This set up a dramatic last round showdown. Gligoric, as White against tailender Stupica, was heavily favored to win. Planinc was also White, but had a much more dangerous opponent in GM Gheorghiu.[(1)] Pachman writes: "Many players in Planinc's place would have been content with a tie and have used the advantage of the White pieces to obtain the necessary half point. As things turned out this would have been easy to achieve, for Gheorghiu offered him a draw twice during the game. The young player, however, had other ideas and first sacrificed a pawn in an unclear position and then made a perfectly correct rook sacrifice. The game, which turned out to be one of the most beautiful of the tournament, gave Planinc the final point, which caused a great sensation in the world of chess."[(5)]

    FIDE awarded Planinc the International Master title for this tournament.[(6)] He had indeed satisfied the standard for the award of the grandmaster title, but could not receive it because the rules did not then allow a player to become a grandmaster without first obtaining the IM title.[(7)] Planinc became a grandmaster in 1972.[(8)]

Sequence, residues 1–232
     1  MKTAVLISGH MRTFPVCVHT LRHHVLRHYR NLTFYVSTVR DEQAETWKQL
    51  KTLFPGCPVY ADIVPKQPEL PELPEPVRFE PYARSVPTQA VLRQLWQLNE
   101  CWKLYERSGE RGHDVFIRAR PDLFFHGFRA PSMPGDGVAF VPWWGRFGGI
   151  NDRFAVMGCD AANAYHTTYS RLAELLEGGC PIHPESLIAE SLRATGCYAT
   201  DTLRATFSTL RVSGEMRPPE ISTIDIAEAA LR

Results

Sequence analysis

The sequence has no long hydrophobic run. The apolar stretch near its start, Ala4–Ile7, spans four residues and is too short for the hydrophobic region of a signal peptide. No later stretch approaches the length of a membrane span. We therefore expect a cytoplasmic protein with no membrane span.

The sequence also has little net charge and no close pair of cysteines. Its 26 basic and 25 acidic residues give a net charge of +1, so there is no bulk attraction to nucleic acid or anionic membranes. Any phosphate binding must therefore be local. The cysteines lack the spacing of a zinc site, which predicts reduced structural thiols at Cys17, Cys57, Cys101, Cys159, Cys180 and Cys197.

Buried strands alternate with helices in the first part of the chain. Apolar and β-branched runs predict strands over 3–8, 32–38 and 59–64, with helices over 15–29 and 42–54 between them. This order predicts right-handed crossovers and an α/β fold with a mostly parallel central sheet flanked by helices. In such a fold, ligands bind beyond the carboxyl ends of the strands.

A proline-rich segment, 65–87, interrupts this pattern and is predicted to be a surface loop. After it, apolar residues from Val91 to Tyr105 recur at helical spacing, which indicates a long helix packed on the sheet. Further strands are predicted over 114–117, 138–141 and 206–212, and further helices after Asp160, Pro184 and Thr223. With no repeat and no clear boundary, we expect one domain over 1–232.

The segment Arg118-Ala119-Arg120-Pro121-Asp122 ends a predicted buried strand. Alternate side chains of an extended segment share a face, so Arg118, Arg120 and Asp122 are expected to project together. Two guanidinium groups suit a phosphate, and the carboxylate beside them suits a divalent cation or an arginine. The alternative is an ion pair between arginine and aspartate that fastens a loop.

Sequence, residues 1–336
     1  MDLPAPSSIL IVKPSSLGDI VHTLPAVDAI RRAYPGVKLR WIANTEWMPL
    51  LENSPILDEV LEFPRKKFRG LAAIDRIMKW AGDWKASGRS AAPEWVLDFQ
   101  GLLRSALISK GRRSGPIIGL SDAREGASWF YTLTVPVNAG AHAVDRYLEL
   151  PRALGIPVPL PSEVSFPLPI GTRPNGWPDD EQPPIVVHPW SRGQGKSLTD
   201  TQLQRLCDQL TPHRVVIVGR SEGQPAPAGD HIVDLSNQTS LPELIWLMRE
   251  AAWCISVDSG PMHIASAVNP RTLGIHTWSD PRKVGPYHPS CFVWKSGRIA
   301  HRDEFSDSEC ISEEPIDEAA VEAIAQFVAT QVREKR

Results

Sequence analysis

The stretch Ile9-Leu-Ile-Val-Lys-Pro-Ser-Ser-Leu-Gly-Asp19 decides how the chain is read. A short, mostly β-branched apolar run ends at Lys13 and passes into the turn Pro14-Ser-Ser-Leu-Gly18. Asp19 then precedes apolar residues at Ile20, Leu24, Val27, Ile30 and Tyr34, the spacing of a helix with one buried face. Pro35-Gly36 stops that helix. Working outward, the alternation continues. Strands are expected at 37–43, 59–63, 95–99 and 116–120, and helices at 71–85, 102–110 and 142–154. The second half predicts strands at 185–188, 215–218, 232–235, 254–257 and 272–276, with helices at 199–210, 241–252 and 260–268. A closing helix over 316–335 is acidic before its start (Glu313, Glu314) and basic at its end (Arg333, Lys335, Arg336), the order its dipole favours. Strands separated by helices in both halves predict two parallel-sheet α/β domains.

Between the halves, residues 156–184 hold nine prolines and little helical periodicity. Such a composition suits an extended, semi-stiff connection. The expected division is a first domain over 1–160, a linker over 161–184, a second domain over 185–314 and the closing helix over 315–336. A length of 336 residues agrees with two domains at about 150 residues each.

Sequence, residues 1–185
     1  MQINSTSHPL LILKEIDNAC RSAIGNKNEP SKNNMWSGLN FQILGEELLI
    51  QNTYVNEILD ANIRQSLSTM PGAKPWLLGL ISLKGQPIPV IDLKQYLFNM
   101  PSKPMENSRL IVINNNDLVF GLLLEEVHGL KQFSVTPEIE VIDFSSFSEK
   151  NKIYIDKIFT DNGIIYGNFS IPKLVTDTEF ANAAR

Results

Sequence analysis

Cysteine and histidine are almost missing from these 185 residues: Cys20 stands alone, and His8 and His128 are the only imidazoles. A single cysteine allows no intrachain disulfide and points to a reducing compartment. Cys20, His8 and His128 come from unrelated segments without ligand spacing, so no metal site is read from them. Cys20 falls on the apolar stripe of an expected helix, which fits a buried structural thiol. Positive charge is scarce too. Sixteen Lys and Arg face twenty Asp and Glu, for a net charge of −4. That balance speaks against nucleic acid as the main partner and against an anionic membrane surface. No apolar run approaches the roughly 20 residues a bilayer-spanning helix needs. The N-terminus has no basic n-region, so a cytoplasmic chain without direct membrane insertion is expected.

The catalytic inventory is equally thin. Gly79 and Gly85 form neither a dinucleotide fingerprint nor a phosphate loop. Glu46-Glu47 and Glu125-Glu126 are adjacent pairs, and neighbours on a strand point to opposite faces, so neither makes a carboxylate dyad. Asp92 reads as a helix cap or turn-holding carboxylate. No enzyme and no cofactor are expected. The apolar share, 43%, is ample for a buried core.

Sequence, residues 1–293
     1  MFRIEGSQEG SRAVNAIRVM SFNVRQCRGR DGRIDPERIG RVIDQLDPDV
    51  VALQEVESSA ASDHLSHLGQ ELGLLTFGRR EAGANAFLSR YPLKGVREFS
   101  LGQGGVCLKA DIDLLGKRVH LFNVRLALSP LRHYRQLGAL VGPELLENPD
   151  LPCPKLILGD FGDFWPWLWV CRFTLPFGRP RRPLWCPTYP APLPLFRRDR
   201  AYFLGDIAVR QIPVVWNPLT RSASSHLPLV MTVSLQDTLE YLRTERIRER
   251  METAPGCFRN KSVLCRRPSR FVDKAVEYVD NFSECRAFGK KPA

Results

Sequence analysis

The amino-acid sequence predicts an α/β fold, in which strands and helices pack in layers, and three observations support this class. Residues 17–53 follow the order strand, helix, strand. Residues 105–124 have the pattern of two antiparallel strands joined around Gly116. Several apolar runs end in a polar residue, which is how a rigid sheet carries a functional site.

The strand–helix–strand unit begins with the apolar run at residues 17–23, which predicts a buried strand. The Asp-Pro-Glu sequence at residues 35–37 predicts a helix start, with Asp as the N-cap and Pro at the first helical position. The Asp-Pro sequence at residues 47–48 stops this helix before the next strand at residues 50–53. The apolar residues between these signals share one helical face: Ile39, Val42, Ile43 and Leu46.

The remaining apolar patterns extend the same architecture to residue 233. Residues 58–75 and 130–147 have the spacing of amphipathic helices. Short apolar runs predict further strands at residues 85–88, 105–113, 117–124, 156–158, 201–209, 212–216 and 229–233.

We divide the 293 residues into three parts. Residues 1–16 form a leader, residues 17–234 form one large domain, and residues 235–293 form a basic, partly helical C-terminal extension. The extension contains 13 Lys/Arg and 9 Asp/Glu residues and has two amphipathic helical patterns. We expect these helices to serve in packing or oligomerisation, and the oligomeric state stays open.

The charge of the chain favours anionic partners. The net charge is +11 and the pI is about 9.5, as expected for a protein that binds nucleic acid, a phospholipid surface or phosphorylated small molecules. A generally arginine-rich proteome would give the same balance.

Planinc's Cinderella-like feat - winning a strong international tournament as a little-known amateur, ahead of numerous grandmasters - has few parallels in chess history. Comparable achievements include the first-place finishes of Harry Nelson Pillsbury at Hastings (1895), Jose Raul Capablanca at San Sebastian (1911), Garry Kasparov at Banja Luka 1979 (Game Collection: Banja Luka 1979), and Glenn C Flear at London 1986. Of these, perhaps only Pillsbury's stunning triumph at Hastings, ahead of both the reigning and former world champions, was more surprising than Planinc's victory. Capablanca had routed Frank Marshall in a match two years before; Kasparov, though only 16, had finished with an even score in the previous year's Soviet Championship; and Flear already had the IM title. Even Pillsbury had prior international experience, having played at New York 1893 (Game Collection: New York 1893, The Impromtu Tournament). Planinc was the darkest of dark horses.